“It is alarming that publications devoted to architecture have banished from their pages the words Beauty, Inspiration, Magic, Spellbound, Enchantment, as well as the concepts of Serenity, Silence, Intimacy and Amazement All these have nestled in my soul, and though I am fully aware that I have not done them complete justice in my work, they have never ceased to be my guiding lights.”
Luis Barragán, 1980 Laureate. Acceptance Speech
As Barragán well expressed in his very recommendable speech, the written architecture has been taking pagan concepts for years, descriptive and quantifiable concepts that leave no place for the esoteric magic cited by the Mexican architect. The beauty -in the eye of the beholder- has moved to the background and the images let the spectator walk in the building almost in first person.
Thirty-eight years have passed since the words of Barragán, and after the pleasantly surprising prize awarded to RCR in 2017, the Pritzker Prize has made himself a halo of mediatic expectation in this year. Finally, it has been conceded to the Indian architect Balkrishna Doshi, the oldest awarded in the history of the prize. The youngests of us -and many of the grown- changed our expectation to interrogation after heard the news.
Further than collaborations with great architectural referents, and an spotless professional and docent career, the award seemed aimed to an “old school” that had nothing to say after the last years prizes -RCR, Aravena and many others-. Names like Le Corbusier and Louis Kahn sound now regressive and closer to Architecture History Books than to a contemporary international prize.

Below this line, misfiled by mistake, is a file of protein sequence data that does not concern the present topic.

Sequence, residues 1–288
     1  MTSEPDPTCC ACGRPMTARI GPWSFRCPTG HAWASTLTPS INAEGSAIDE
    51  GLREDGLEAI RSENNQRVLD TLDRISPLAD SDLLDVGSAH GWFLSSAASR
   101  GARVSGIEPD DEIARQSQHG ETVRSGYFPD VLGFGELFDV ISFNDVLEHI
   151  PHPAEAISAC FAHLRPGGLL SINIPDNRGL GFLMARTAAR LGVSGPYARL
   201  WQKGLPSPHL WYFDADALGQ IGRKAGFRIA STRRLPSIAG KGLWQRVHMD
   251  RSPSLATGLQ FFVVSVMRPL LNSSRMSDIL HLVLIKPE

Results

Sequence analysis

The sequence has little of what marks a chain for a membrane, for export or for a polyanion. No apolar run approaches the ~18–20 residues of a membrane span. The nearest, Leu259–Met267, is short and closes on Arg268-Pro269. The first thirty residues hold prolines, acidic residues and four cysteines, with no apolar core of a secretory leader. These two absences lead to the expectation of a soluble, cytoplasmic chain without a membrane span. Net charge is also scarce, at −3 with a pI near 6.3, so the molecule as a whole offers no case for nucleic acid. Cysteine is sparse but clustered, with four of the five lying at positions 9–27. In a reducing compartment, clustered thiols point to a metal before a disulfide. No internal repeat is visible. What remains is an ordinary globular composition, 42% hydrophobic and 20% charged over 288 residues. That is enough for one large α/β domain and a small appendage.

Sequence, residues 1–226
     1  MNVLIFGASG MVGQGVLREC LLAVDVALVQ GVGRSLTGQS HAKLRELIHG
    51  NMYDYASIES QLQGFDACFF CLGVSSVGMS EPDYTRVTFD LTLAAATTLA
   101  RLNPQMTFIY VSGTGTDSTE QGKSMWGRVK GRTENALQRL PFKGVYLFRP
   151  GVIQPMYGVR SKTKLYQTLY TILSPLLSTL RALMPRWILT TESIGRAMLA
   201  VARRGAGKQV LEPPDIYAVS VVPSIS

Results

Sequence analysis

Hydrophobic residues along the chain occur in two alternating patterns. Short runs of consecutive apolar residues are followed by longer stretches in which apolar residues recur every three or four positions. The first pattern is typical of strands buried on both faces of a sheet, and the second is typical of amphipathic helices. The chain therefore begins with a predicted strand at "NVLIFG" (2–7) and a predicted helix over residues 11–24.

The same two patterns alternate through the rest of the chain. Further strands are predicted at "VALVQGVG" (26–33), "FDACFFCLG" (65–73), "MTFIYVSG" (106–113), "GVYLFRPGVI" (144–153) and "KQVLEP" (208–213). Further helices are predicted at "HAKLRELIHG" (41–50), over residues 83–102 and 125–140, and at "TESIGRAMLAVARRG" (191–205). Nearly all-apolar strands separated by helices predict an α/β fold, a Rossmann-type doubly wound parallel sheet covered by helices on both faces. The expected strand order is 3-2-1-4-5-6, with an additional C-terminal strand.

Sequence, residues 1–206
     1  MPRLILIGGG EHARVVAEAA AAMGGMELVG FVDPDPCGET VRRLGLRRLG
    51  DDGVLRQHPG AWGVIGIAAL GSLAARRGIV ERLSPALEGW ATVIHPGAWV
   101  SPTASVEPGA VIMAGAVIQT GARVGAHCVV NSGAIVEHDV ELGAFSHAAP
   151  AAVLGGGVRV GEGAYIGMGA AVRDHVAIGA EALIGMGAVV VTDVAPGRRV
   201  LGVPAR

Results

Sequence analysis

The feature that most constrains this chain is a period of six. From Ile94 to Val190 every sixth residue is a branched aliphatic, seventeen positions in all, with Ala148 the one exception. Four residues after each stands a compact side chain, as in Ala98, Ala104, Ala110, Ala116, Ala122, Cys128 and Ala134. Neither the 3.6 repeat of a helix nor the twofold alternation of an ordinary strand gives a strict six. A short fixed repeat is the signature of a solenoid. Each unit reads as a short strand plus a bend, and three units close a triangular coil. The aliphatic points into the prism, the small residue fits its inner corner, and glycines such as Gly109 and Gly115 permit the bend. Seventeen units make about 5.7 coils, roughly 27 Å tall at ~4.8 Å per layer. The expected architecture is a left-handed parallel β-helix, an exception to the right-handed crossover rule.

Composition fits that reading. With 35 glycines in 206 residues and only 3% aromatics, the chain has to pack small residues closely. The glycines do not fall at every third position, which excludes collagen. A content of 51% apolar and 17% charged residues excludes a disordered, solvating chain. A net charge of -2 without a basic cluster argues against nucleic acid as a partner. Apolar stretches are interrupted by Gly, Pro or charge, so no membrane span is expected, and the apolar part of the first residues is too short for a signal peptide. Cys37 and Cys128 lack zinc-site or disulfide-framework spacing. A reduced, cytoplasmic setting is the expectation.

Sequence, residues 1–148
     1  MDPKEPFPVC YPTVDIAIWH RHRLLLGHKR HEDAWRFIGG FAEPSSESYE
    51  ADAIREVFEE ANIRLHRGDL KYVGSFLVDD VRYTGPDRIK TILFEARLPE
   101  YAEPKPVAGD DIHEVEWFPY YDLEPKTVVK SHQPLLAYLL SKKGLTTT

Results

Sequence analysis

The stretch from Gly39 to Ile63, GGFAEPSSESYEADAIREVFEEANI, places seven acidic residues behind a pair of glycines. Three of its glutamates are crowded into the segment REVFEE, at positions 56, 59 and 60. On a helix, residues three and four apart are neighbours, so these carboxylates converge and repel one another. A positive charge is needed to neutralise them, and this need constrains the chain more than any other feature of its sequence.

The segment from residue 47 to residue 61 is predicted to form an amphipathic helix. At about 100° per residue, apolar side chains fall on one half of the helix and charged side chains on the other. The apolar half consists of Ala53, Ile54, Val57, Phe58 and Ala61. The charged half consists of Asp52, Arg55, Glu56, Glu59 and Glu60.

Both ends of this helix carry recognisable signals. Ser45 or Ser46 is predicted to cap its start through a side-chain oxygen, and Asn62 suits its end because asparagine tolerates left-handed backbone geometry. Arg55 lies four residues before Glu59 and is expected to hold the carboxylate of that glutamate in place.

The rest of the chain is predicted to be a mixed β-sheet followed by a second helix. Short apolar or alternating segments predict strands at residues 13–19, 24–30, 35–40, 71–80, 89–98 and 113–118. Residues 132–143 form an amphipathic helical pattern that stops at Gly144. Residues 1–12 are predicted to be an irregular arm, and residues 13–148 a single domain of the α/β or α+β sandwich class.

A distinguish career
Nothing further from reality. The Doshi’s Pritzker talk about tradition and identity, “folklore”, but also about innovation and investigation. It is an award to an icebreaker: A philosophy based on the environment’s human and natural identity, giving place to an timeless architecture: That anthropically primitive is a perfect answer to our contemporary problems; and a career dedicated to investigation and teaching carried to practice has made this Indian architect realize.
This is the best moment to remind us this, when the eye in the future is becoming the only eye, and the past seems a vast and illogical time. The best moment to a person extracted from this past and a assumedly overcome generation to come again to our present and give us this lesson: Memory has not an expiration date, and the answers from the past are valid in the present too, seen from a new eye. Quoting one last time to Barragan, and this one again to O’Gorman: “The irrational logic harboured in the myths and in all true religious experience has been the fountainhead of the artistic process at all times and in all places”.